Patients attending A&E because of social problems – such as homelessness and alcoholism – cost Bedfordshire Hospitals Trust hundreds of thousands of pounds during the first year of the coronavirus pandemic, figures show.
Charity Crisis said homelessness causes severe inequalities in care, with health issues often going untreated until a critical point.
Data shows roughly 875 emergency care admissions to Bedfordshire Hospitals NHS Foundation Trust had a diagnosis of "social problems (including chronic alcoholism and homelessness)" in 2020-21.
It cost the trust £441,749 to treat patients with this diagnosis over the period.
The figures also cover a range of other categories – including nutritional disorder, safeguarding abuse, social problems in schools and poor social circumstances – with the diagnosis made by the clinician responsible for the patient attending A&E.
More than 50,500 patients were admitted to NHS hospitals, minor injury units and walk-in centres with issues such as these across England last year – up slightly from 48,300 the year before and 48,700 in 2018-19.
But the cost to the NHS (£21.1 million) jumped from £13.5 million in 2019-20, and almost doubled from £11.8 million just two years prior.
The Institute of Alcohol Studies said one explanation for this rise could be that people with social problems in 2020-21 had more severe issues when they arrived at emergency departments.
An IAS spokesman said there were increases in higher risk drinking, alcohol liver disease emergency admissions and alcohol-specific deaths that year, but warned any trends during the pandemic are difficult to interpret.
Dr Alison Giles, chief executive of the IAS, said it is "shocking" to see how much the NHS spends on treating issues including alcohol harm, but said measures such as minimum unit pricing would help bring this down.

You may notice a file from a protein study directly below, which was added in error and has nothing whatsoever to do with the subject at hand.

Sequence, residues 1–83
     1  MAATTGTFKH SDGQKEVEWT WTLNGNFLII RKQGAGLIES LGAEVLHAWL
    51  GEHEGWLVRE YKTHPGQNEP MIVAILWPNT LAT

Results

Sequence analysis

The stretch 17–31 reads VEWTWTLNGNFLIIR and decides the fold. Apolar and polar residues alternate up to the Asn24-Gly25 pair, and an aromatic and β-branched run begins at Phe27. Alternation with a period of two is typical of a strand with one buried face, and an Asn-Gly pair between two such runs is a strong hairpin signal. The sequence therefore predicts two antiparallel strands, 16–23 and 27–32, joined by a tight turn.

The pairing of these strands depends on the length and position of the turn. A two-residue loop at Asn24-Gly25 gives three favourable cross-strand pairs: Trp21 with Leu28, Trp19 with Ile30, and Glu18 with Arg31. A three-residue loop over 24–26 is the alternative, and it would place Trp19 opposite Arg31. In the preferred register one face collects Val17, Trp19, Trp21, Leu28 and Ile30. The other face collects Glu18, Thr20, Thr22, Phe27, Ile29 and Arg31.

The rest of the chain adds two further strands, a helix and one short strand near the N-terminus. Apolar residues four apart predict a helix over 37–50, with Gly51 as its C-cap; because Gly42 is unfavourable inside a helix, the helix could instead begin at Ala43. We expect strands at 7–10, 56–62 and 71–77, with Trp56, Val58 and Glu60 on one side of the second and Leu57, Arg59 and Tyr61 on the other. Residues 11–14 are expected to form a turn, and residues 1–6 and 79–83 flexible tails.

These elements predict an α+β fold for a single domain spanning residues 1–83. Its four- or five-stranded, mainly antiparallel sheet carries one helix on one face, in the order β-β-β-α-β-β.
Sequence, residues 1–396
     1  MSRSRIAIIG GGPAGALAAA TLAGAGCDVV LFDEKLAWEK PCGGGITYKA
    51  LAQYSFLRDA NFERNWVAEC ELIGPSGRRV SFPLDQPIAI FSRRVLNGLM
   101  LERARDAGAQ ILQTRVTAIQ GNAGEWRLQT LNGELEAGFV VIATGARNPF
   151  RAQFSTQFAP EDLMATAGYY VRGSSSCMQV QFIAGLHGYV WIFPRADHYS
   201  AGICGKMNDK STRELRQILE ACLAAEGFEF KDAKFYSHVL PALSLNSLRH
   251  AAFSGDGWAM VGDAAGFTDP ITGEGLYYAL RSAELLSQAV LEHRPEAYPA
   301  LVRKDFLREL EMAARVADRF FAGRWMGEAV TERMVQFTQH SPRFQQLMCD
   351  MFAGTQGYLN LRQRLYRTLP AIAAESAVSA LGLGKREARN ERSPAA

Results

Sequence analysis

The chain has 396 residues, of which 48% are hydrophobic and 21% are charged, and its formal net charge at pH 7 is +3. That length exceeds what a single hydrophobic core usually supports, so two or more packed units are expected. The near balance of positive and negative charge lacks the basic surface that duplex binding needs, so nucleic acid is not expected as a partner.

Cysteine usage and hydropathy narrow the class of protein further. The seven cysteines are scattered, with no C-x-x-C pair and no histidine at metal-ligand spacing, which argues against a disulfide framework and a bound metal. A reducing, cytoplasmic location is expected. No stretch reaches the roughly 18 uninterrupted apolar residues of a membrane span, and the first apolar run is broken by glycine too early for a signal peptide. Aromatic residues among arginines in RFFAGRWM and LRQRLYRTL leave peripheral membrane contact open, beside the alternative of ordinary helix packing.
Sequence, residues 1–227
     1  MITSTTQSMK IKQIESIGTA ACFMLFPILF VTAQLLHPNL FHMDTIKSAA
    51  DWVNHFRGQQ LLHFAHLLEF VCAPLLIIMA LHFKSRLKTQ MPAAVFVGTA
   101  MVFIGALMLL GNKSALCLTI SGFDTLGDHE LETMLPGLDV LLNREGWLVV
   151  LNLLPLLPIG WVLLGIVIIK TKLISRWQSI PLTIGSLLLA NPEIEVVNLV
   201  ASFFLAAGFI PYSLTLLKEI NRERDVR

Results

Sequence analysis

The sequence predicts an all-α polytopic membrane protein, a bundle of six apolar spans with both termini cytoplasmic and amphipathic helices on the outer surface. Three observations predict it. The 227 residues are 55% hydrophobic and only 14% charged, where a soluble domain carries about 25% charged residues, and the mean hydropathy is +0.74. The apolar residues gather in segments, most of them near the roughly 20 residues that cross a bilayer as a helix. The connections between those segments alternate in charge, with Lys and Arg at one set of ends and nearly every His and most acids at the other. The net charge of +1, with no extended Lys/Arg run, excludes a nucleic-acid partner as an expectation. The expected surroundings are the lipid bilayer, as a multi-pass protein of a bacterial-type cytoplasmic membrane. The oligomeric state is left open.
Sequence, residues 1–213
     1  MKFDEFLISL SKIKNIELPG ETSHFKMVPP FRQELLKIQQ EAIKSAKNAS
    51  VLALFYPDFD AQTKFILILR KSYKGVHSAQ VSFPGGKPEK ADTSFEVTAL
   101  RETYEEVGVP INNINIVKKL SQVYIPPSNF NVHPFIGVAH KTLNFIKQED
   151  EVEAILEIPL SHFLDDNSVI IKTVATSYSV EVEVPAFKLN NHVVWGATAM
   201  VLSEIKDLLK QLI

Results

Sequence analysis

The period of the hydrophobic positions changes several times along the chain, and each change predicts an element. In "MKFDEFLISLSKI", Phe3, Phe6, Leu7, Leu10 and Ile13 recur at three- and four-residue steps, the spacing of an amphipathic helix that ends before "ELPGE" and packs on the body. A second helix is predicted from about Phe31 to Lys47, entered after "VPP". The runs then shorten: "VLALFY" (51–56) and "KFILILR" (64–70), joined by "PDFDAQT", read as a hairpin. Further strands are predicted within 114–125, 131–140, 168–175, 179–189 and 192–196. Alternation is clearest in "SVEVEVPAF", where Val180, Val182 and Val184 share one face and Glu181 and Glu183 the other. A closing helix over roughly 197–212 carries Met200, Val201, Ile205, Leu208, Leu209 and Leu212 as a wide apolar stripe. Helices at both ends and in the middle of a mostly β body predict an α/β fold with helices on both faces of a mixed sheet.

She added: "These could be introduced as part of a Covid-19 recovery plan, otherwise we will almost certainly continue to see a rise in admissions and costs, as well as deaths.”
Matt Downie, chief executive of Crisis, said something as simple as lack of ID can make going to a GP impossible for people experiencing homelessness – meaning health issues often are not addressed until a critical point.
He added: "The fact that people are accessing treatment is positive, but the focus must be on getting tailored health care support early on."
He said recent NICE guidelines – which call for specialist services to meet the complex needs of people who are homeless – must be implemented.
In terms of cost, social problems was ranked 25th out of the 38 different types of emergency care diagnosis listed at Bedfordshire Hospitals Trust.
It was responsible for less than 1% of the trust's £48.4 million total costs.
The highest amount was spent on treating patients with respiratory conditions – £5.3 million (11%).
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